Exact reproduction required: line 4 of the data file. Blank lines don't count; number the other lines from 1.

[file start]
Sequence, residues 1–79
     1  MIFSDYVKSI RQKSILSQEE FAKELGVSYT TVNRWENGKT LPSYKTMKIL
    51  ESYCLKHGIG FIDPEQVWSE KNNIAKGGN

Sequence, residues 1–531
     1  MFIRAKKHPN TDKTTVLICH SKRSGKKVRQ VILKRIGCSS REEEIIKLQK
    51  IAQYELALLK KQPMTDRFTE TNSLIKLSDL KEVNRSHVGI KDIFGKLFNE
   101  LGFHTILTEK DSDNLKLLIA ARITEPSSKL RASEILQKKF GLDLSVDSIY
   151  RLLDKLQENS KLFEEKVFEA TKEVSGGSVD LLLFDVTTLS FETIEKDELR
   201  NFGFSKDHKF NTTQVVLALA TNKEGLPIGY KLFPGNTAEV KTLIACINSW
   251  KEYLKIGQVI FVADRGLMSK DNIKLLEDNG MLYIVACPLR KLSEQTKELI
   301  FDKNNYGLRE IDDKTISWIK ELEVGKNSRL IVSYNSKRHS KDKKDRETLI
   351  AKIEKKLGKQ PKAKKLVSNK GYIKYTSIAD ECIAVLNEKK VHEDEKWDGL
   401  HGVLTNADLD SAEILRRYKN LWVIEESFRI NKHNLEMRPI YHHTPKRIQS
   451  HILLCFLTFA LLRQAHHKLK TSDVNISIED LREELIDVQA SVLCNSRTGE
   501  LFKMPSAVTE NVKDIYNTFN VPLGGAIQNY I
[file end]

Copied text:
Sequence, residues 1–531